…Dust tries to bring to us an action platformer with the animation quality you’d expect in a feature film. You need only to watch a trailer to see how that turned out. Gorgeous, is a word you could use. Lovely hand-painted parallax backgrounds unfold behind you as you navigate the various levels. And even though many of the enemies appear to be Flash-style paper dolls with jointed limbs, the player character is highly animated.

The enemies, however, are not just stiff cut-outs. Whether blocking you, or attempting to land blows upon you, the style of their animation makes them easier for the player to read and peform to their best abilities, without any deaths feeling ‘cheap’ because something hit them that didn’t telegraph properly.”

– From the original IGR review of Dust: An Elysian Tail by HappyWulf

Really is just an excellent platformer with beautiful hand-drawn Disney-style animation, and some neat powerups along with some RPG skill tree upgrades. It didn’t change the genre in the way something like Braid did, but it brought it to its dizzying heights.

Incredipede

(Northway Games)
Original US Release: October 25th, 2012

Incredipede is a puzzler / physics 2D sidescroller wherein you can add legs and arms to your little pod named Quozzle, or even legs to legs or arms to legs as needs dictate in order to negotiate obstacles in your path. With an amazing wood-cutting art style featuring muted earth tones and a quirky score, this was quite unlike anything else around it.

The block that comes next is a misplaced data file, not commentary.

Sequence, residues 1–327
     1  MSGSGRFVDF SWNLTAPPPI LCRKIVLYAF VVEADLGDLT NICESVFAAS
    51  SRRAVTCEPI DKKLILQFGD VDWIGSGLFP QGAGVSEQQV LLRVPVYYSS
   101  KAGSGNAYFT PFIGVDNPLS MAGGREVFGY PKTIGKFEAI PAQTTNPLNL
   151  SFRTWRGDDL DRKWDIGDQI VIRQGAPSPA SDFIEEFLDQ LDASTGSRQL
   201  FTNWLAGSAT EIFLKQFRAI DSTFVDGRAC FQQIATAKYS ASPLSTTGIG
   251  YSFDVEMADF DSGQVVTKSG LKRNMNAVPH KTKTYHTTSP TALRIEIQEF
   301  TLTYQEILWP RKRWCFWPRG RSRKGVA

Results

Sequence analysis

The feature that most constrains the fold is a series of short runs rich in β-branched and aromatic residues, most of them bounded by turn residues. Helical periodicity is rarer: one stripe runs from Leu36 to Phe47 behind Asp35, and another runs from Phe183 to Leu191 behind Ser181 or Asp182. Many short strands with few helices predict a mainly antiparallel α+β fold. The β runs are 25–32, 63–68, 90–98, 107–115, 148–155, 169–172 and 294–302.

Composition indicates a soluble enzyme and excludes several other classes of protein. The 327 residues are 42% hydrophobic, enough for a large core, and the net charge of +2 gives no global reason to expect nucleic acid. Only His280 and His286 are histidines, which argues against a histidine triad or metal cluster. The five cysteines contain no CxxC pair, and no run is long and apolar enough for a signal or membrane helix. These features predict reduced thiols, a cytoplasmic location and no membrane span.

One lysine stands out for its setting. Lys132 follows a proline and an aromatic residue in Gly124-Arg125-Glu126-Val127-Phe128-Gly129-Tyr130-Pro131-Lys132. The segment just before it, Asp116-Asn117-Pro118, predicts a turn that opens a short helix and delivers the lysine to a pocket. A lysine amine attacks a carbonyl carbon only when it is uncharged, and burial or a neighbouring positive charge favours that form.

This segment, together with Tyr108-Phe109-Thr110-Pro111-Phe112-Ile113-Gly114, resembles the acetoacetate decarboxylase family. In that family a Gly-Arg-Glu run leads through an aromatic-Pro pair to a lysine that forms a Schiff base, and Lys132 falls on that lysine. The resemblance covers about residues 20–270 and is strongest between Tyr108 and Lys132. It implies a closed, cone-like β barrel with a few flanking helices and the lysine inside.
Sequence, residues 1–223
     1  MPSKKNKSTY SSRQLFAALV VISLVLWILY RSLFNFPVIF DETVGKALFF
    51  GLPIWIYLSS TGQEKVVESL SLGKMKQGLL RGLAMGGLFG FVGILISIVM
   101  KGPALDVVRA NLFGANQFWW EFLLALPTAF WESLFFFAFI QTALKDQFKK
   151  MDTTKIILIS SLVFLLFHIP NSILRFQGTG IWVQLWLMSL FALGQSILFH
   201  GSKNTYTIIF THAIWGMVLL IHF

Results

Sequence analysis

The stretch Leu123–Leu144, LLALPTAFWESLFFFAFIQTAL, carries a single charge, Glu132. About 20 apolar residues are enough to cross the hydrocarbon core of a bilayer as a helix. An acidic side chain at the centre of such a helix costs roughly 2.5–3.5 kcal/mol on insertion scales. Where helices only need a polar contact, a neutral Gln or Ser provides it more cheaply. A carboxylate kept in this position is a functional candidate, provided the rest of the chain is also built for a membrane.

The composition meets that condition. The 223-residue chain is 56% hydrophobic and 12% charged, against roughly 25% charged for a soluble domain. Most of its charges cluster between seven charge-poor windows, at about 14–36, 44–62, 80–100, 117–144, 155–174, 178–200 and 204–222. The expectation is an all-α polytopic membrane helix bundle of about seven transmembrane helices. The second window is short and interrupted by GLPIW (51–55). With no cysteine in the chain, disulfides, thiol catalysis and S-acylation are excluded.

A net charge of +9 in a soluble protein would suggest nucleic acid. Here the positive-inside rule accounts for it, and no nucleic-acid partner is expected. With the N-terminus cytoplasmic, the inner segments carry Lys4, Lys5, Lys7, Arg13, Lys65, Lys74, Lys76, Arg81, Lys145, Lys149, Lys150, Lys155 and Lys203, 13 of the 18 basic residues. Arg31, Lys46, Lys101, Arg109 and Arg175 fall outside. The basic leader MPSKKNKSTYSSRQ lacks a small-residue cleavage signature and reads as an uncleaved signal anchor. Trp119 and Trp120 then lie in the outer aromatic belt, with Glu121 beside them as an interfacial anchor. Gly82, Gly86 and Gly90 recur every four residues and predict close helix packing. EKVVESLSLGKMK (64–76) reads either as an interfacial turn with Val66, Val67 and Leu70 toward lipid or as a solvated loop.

Reprisal

(ELECTROLYTE and LAST17)
Original US Release: May 20th, 2012

Bill Whorton says of Reprisal:
I played Reprisal a little bit, just to check it out. Like I say, the big thing for me was that it’s entirely in the browser, and it’s not like a Flash game, or Java, or anything. As far as I can tell, it’s all HTML5, which is really, really cool. I remember when the standard for 5 first “hit the streets” people were doing all sorts of tech demos. Some band that I don’t remember made a video where you could type a sentence in the beginning and at the end of the video people would arrange themselves in the shapes of the letters. Another group of people put together a top-down Zelda-esque MMORPG. It was really basic, very bare-bones, but it was all in HTML, which was absolutely mind-blowing.

reprisal screenshot
Reprisal screenshot – demonstrating the tilt-shift effect and pixel art

Reprisal is the first full-blown game I’ve seen that is written in HTML, and I think that’s a huge deal. Especially with the move towards “software as a service” and cloud-based apps, I think Reprisal is significant. I’m not saying that I think the platform-specific, locally-run game is dead, but I think that Reprisal is a sign of things to come as far as the viability of web-based gaming as an equal to traditional gaming.

Play Reprisal for free by clicking on its title above.

Go to the next page to see even more incredible indie games that made our short list in 2012!

Top 10. 9. 8. 7. 6. 5. 4. 3. 2. 1. HM1 HM2 HM3 MA